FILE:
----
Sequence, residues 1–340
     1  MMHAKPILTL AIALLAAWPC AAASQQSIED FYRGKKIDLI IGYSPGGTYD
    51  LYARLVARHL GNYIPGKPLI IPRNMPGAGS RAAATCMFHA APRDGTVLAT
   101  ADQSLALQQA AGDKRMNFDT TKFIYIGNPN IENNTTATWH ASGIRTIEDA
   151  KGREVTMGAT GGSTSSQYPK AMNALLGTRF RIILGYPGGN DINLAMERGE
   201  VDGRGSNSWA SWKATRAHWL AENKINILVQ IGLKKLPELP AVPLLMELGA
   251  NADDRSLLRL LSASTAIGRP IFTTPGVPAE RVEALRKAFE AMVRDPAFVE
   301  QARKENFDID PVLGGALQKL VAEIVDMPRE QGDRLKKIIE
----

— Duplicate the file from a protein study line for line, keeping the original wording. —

Sequence, residues 1–340
     1  MMHAKPILTL AIALLAAWPC AAASQQSIED FYRGKKIDLI IGYSPGGTYD
    51  LYARLVARHL GNYIPGKPLI IPRNMPGAGS RAAATCMFHA APRDGTVLAT
   101  ADQSLALQQA AGDKRMNFDT TKFIYIGNPN IENNTTATWH ASGIRTIEDA
   151  KGREVTMGAT GGSTSSQYPK AMNALLGTRF RIILGYPGGN DINLAMERGE
   201  VDGRGSNSWA SWKATRAHWL AENKINILVQ IGLKKLPELP AVPLLMELGA
   251  NADDRSLLRL LSASTAIGRP IFTTPGVPAE RVEALRKAFE AMVRDPAFVE
   301  QARKENFDID PVLGGALQKL VAEIVDMPRE QGDRLKKIIE